like methimazole (Tapazole®) or propylthiouracil (PTU) block the thyroid gland’s ability to make new thyroid hormones. Your doctor may choose this option to treat your hyperthyroidism. Many doctors prefer methimazole because it may have less severe side effects than other antithyroid drugs. Antithyroid drugs do not cause permanent damage to the thyroid gland. However, if you develop a fever, sore throat, severe fatigue, yellow eyes, or abdominal pain while taking these drugs, you should stop the medication immediately and contact your doctor. 

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Radioactive Iodine

treats hyperthyroidism by damaging or destroying the thyroid cells that make thyroid hormones. Your doctor may prescribe a one-time treatment of radioactive iodine to be administered through a small capsule taken by mouth. Your thyroid will absorb any iodine in your bloodstream, whether radioactive or not. This treatment can cause the thyroid or any thyroid nodules to shrink in size, and the level of thyroid hormone in the blood returns to normal. Any unabsorbed radioactive iodine leaves your body within days, weeks, or months. During this time, you may receive treatment with other medicines to control hyperthyroid symptoms.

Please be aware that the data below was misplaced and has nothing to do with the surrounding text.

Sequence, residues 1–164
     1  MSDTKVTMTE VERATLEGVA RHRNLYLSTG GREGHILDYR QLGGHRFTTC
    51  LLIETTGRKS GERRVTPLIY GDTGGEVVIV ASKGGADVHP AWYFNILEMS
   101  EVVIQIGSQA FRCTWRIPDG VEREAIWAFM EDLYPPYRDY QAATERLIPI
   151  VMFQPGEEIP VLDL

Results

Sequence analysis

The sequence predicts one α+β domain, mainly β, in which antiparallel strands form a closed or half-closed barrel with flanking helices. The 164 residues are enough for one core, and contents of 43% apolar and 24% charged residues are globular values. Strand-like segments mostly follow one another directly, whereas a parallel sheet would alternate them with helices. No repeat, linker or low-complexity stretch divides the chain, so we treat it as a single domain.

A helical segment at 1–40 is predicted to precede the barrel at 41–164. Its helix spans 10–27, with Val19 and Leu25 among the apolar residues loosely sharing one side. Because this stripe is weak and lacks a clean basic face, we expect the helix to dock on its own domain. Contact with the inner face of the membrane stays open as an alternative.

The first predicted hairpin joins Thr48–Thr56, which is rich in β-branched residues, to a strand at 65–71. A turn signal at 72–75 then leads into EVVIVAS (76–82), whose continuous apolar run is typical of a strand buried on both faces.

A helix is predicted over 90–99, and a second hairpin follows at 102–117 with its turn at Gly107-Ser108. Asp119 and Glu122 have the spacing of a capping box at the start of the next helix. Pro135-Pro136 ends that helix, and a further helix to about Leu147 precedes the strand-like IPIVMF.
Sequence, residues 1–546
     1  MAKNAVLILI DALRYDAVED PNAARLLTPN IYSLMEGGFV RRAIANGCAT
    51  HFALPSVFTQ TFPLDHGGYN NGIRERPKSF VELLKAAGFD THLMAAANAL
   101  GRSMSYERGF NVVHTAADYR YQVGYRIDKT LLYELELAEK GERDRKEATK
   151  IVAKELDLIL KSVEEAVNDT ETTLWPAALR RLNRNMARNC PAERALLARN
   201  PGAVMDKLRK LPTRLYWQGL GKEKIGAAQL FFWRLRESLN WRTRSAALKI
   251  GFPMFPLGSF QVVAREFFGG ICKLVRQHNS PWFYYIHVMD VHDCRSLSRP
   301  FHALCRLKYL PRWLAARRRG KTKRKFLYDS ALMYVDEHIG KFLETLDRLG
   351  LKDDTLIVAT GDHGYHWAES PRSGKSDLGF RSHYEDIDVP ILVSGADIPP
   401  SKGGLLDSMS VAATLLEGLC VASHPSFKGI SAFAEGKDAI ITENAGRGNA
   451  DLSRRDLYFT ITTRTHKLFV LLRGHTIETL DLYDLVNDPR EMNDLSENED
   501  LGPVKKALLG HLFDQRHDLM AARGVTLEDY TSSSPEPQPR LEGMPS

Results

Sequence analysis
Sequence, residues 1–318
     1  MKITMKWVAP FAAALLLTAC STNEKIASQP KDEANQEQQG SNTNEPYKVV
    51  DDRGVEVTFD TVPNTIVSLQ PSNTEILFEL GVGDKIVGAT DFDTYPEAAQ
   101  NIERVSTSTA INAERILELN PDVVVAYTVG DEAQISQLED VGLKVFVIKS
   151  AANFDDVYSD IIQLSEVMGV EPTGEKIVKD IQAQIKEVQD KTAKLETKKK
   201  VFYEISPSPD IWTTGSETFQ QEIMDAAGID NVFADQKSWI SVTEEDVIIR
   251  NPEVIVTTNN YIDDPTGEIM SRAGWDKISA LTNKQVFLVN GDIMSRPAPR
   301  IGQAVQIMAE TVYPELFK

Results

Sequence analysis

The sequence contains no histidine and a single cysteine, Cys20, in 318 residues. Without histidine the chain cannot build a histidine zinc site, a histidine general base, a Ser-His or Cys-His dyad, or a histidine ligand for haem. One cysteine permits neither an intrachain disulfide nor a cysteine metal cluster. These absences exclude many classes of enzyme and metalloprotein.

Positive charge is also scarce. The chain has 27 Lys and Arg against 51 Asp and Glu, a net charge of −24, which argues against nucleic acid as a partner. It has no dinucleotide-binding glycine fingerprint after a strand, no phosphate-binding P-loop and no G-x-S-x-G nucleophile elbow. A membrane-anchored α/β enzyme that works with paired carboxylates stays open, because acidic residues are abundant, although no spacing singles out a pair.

Rarely, a patient will continue to experience hyperthyroidism, but to a lesser degree than before. In these unique situations, the doctor may order a second radioactive iodine treatment if needed. Hypothyroidism (underactive thyroid) occurs after a few months and lasts a lifetime. Creating an underactive thyroid is the goal because hypothyroidism is easily treated with thyroid hormone supplements. Radioactive iodine has been used to treat patients with hyperthyroidism for over 60 years and is generally safe with no apparent increase in cancer incidence in these patients.   

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Surgery

is a final option to cure hyperthyroidism permanently. During surgery, most or all of your thyroid gland is removed. Your doctor may prescribe certain medications before surgery to reduce the thyroid gland’s blood supply, simplifying the surgery and making it safer. After removing your thyroid gland, the source of your hyperthyroidism is gone, and you will become hypothyroid. Hypothyroidism (underactive thyroid) occurs after surgery and lasts a lifetime. The appropriate thyroid medications can restore your thyroid hormone levels to normal by taking a thyroid hormone supplement once a day.  

Specialists

Hyperthyroidism Specialists